Who do you believe?
I got a message from an old friend a couple of days ago, asking me, as a former reporter, that question. What were the most reliable sources of news? He didn’t have to tell me why he was asking – I knew, and it made me sad.
I remember a time when most media were trusted.
On TV, it was the big three American stations, ABC, CBS and NBC, while in Canada, it was CBC nationally and BCTV provincially. I was pretty young when cable came along, pulling open the curtain to a big, new, bright world dominated by the U.S.
In print, the Globe and Mail was (and continues to be, I believe) the gold standard and the Canadian Press fed most papers, including the Prince Rupert Daily News, where I worked. It was always exciting to get one of my stories picked up on the CP wire.
I didn’t experience being a writer for a paper with an agenda for too long, as the clear shift to a right-wing bias at the Daily didn’t happen until my latter years in the mid-late 90s. I recall being asked to write an editorial condemning local fisherman for blockading the Alaska ferry and I refused, even under threat of firing. That didn’t mean I agreed with the fishermen’s actions but, after their concerns had been ignored by Ottawa for so long, I wasn’t going to condemn them either.
Today, well, the number of media outlets with agendas far outnumber those without. There are too many, particularly online, to name but they are very easy to spot: they have provocative names, like Rebel Media and The Drudge Report. These extreme sites are the new porn.
In Canada, the right wing owns most of the big media, including the Sun chain, The National Post and, in my neck of the woods, Black Press. Post Media, which has 140 outlets in print and online, is almost entirely American owned. So maybe we shouldn’t be too hard on the CBC for leaning left, although theirs is also a self-preservation battle as Conservatives have long wanted the CBC (at the least, TV) taken off of the public teat. The aforementioned Globe and Mail also leans Liberal.
These are incredibly polarizing times, in no small part due to the rise of Trumpism and the term “fake news,” which refers to any news that is critical of or contradicts him or his government. It has certainly made elections in the U.S. more colorful. News outlets choose sides, which makes the viewing livelier but too outrageous for my liking. It’s hard to take the pundits seriously. Certainly, Canada has its share of agenda news agencies but, as in most things we share with the U.S., we will always be America-lite – which is a good thing.
All of that said, while most media may follow political lines editorially, most report with reasonable fairness. And it is that message I gave to my friend.
Avoid the extreme outlets, that are hard right or left. Those are for people with blinders, whom desperately want their prejudices confirmed. It’s lazy and self-indulgent. We all need to challenge our beliefs. There are few, if any, absolute truths in human systems.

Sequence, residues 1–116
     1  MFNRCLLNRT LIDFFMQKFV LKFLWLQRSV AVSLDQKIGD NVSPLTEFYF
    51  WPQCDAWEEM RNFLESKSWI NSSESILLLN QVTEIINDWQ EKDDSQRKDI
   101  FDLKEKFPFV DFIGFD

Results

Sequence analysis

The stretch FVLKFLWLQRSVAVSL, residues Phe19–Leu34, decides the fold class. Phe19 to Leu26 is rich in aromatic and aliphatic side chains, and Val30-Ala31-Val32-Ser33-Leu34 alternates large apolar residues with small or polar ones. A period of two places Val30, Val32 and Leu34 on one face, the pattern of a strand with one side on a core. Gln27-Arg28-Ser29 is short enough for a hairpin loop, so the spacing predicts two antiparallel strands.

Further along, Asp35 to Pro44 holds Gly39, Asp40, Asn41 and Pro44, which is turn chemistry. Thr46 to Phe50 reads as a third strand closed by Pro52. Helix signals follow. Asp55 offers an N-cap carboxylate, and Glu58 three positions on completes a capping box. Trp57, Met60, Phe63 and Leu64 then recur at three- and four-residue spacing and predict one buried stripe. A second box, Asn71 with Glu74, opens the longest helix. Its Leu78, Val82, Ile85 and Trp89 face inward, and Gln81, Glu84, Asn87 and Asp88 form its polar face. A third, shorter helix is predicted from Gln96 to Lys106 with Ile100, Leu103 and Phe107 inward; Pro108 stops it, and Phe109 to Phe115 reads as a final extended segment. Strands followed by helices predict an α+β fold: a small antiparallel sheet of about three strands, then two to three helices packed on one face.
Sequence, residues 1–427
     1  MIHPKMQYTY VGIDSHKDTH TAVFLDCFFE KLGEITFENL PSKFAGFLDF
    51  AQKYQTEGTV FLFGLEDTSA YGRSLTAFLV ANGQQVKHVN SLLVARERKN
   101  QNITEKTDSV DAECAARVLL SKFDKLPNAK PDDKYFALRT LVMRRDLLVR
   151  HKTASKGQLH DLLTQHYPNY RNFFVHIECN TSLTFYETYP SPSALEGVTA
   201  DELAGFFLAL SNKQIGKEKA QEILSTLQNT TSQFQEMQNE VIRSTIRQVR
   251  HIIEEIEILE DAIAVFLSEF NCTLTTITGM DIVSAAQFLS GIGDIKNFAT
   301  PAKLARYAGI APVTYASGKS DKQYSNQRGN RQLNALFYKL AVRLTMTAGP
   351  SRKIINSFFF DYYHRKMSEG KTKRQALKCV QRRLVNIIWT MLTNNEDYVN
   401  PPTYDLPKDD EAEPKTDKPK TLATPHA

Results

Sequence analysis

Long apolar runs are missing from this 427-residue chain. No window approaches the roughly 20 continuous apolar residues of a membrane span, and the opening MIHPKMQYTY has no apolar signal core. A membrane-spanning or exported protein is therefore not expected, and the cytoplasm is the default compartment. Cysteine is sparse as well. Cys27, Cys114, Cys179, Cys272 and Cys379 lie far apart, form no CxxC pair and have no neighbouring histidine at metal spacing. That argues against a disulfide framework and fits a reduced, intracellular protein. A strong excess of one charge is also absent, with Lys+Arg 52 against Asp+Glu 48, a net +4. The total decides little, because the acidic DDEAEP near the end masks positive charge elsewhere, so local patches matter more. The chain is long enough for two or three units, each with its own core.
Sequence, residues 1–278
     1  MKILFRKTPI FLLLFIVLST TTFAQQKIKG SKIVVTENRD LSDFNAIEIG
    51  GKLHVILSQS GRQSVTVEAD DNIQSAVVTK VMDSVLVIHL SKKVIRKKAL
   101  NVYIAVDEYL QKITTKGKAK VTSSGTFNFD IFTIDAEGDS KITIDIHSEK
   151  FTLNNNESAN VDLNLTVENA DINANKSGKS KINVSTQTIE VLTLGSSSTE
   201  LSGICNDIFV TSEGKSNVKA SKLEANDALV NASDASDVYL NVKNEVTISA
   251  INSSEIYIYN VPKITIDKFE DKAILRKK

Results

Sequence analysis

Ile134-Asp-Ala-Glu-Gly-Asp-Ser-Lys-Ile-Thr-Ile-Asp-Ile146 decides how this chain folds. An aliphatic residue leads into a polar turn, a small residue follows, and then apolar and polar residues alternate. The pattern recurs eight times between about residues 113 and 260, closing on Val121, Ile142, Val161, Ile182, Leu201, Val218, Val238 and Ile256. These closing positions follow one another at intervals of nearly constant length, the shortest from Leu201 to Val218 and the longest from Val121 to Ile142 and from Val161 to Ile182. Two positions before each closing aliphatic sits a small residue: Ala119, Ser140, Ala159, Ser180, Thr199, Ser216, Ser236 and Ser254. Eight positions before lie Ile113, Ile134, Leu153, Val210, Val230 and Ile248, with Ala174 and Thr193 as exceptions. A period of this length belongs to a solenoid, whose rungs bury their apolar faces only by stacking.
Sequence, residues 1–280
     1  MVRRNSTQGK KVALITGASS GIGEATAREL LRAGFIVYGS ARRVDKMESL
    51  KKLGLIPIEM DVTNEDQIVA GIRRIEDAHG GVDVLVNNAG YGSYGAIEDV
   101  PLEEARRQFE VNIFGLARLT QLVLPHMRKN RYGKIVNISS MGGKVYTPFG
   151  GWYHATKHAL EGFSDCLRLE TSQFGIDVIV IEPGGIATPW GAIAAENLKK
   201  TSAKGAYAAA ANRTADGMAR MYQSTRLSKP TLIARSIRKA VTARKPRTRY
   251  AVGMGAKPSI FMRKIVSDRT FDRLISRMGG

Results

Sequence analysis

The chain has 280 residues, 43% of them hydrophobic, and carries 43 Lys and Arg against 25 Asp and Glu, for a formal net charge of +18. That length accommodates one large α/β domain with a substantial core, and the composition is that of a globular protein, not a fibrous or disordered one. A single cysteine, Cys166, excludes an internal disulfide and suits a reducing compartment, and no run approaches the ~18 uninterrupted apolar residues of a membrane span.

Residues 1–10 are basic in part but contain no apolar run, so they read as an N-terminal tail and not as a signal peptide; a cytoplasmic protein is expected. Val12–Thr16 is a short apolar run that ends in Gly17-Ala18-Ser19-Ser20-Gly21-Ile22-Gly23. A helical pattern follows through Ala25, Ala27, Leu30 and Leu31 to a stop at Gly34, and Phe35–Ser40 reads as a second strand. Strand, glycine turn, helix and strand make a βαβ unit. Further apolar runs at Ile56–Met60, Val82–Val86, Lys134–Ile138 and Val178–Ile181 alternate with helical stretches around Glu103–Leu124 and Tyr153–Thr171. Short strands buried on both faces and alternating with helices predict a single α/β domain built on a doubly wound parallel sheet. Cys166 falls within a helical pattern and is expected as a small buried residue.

Focus on news stories or features more than editorials. There’s a reason that the big TV outlets and major newspapers, the “mainstream” media, are more read. They want more people to follow them, to subscribe to them, and for that to happen, they need to be believed by more people. Do they still editorialize? Yes. But, while CNN may often editorialize against Trump, their news product still cites sources from both sides.
Even Fox News, which is the most unabashedly biased of the networks, leaves most of the truth-bending to its talking heads and some of them, to their credit, have challenged Trump narratives lately to the point that he is condemning them now and pushing alternative outlets.
It’s the same in Canada. The CBC may lean left and The National Post may lean right but the stories are still written by real, working journalists that still value the craft’s core principles of balance (portraying both sides) and attribution (having people with close knowledge or authority speak to it).
My personal preference is actual, hard-copy reputable newspapers with an online presence, which is most of them. A subscription is pretty cheap – certainly cheaper than picking up a physical copy, which is impossible where I live anyway. I subscribe to the Washington Post for U.S. and world news, and the Globe and Mail for Canadian content. Of course, you can find good sources on the free MSN online, but check the sources as they are hugely varied. Names like Canadian Press, Associated Press, and Reuters are highly trustworthy.
Bottom line: don’t waste your time on the blatantly biased. Read a lot - so few of us do it enough anymore. Liberals are not communists. Conservatives are not Nazis. The truth is out there. If you believe you are a fair and kind person, care enough to find it.